Sale ends Friday, August 26 or while supplies last!
published 16 June 2016
Wait, which ‘apps’ are we talking about?
Lately there’s been considerable debate about the future of native apps, ranging from the cooling of downloads to the dubious utility of instant apps and assumptions about progressive web apps as heir apparent to native apps.
It’s anyone’s guess what the next few years will yield, but it brings to mind pg. 91 from a book I wrote in 2007. While most of the book became technologically irrelevant not more than a year after publishing, there’s one argument that has withstood nearly a decade of digital disruption:
The success of the web, as we know it today, is largely due to one piece of software: the browser. I can access nearly any website, application (including email) … with that one browser.
To assume users will be satisfied downloading an app¹ for every site they frequent, or for every content provider they associate themselves with, is to assume users have adequate storage space on their devices and that they are willing to pay the costs, both data and time, to download these apps.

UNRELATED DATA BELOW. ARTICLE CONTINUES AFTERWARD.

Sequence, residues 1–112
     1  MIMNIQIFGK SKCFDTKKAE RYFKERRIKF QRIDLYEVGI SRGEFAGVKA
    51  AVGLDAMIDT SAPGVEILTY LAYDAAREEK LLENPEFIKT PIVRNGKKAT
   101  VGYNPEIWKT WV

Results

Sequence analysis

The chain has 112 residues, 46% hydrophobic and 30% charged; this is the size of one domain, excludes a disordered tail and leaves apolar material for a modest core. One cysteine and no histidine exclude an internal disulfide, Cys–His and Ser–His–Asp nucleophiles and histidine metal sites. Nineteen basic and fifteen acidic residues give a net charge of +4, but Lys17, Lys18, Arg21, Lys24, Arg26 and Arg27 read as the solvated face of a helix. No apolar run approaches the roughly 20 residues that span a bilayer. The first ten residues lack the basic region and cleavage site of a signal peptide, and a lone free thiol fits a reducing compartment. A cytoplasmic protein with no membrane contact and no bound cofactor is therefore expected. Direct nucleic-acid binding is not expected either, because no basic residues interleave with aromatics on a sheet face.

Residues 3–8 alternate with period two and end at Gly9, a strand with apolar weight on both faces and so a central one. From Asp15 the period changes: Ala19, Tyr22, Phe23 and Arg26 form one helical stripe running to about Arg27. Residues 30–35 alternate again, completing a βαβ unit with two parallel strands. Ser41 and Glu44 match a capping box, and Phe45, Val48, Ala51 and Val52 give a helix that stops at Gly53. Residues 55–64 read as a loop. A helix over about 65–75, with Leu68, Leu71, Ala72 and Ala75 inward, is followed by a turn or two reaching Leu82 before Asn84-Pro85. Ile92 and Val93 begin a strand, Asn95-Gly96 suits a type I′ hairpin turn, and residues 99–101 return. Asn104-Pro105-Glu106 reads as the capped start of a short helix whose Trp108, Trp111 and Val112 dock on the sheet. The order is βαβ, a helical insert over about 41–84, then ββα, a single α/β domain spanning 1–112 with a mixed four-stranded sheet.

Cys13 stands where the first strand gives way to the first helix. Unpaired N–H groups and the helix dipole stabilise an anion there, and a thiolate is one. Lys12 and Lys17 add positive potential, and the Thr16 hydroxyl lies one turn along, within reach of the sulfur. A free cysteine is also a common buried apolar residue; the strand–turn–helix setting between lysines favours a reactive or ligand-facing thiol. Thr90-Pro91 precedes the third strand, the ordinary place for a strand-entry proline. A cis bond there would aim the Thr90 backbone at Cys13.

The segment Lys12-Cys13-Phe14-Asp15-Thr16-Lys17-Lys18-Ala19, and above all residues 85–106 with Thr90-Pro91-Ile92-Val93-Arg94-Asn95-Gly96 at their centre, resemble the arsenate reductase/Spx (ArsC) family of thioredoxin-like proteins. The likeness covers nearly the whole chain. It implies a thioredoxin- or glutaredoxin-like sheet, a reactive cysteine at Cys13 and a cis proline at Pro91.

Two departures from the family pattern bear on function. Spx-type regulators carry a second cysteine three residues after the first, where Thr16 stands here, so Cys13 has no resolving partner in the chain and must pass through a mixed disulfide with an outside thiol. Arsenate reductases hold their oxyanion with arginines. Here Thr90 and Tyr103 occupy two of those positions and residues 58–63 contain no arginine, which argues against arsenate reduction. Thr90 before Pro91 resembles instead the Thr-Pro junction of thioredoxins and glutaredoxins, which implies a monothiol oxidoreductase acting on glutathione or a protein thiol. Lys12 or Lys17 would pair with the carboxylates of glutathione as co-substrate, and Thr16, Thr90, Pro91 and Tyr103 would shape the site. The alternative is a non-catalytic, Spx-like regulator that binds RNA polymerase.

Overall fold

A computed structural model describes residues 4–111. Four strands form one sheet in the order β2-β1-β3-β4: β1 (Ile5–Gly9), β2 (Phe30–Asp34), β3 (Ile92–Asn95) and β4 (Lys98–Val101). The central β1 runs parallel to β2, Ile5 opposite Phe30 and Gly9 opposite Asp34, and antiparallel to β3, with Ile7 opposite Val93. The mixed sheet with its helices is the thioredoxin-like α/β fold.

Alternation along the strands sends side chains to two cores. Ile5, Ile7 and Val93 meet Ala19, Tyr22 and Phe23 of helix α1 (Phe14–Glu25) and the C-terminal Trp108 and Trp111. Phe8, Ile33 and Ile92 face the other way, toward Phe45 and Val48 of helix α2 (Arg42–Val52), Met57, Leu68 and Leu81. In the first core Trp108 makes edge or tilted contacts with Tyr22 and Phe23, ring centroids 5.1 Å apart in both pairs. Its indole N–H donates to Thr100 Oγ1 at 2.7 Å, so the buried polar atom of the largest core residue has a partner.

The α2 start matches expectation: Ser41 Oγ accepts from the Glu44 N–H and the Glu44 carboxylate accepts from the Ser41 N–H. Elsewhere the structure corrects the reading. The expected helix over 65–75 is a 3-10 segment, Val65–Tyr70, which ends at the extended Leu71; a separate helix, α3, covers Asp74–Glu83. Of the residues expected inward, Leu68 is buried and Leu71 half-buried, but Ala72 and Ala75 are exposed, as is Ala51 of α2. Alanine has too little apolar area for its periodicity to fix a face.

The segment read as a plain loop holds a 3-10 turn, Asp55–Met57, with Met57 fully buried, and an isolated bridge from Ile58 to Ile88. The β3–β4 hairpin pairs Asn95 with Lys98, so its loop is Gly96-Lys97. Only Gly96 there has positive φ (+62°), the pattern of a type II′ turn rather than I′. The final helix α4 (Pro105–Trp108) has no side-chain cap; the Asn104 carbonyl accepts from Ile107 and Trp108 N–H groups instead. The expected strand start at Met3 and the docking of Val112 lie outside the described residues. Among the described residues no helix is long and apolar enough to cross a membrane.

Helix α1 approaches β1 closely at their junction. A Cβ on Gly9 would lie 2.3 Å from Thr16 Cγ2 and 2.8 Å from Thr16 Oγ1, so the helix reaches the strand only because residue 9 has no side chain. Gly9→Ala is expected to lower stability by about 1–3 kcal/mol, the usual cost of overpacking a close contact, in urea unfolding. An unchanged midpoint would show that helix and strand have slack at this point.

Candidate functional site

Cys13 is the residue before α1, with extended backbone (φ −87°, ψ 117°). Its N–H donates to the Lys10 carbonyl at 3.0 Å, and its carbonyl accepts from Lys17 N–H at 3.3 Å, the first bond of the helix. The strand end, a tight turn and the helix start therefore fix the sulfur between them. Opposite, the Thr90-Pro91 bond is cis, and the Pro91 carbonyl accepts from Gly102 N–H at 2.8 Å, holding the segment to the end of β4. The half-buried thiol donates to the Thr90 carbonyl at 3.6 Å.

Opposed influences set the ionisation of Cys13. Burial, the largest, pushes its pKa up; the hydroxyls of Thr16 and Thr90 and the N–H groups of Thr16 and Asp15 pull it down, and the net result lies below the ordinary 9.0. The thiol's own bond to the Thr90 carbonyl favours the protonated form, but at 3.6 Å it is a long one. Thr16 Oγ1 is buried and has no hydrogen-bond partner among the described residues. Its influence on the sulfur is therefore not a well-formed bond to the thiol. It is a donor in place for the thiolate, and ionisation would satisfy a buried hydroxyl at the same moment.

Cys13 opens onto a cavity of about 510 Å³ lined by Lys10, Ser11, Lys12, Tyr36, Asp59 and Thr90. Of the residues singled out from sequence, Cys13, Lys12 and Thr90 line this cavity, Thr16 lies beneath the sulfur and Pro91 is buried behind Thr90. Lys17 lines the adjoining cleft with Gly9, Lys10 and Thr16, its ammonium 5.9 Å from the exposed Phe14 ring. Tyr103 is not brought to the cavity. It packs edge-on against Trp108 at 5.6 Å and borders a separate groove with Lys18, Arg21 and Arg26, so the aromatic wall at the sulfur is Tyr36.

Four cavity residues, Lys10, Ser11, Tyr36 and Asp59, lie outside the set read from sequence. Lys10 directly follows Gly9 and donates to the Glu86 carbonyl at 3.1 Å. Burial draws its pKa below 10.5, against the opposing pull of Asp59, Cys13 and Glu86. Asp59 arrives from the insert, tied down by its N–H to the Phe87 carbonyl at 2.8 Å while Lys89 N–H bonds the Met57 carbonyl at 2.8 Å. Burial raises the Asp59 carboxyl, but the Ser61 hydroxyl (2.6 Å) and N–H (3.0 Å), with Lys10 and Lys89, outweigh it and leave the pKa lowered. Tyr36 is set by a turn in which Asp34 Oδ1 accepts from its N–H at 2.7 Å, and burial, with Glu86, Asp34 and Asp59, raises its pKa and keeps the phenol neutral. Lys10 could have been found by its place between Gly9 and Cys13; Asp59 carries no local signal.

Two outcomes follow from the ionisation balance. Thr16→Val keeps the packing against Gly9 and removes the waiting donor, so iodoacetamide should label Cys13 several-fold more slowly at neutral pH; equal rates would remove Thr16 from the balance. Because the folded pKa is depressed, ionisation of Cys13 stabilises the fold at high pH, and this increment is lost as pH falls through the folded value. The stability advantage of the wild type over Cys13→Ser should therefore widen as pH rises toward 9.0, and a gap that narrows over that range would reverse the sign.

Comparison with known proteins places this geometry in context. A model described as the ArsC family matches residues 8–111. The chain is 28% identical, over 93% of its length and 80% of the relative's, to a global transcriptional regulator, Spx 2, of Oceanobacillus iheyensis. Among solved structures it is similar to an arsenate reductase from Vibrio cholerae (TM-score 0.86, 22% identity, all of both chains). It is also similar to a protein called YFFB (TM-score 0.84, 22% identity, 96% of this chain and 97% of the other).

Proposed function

In all likelihood, most users will probably download an app for a couple of their favorite products, but beyond that, a browser will be — or should be — sufficient for interacting with web content.
Proud papa of that prediction, though I don’t dare assume it will withstand another decade of disruption.
Yet I’m very intrigued by the future of progressive web apps (or PWA for short) as a further manifestation of what I predicted. The term was coined by Alex Russell over dinner in June 2015, but only recently has it gained respectable traction in the media.
All signs point to progressive web apps as having some serious potential to eliminate the need for native apps and return the usage throne to browsers.²
Consider Patagonia. They’ve bid farewell to their iPhone app, claiming the Patagonia website is beautiful and functional in all mobile web browsers. “You may delete [our native app] from your device.”
Brash move or rash decision? Either way, native apps are dead to Patagonia.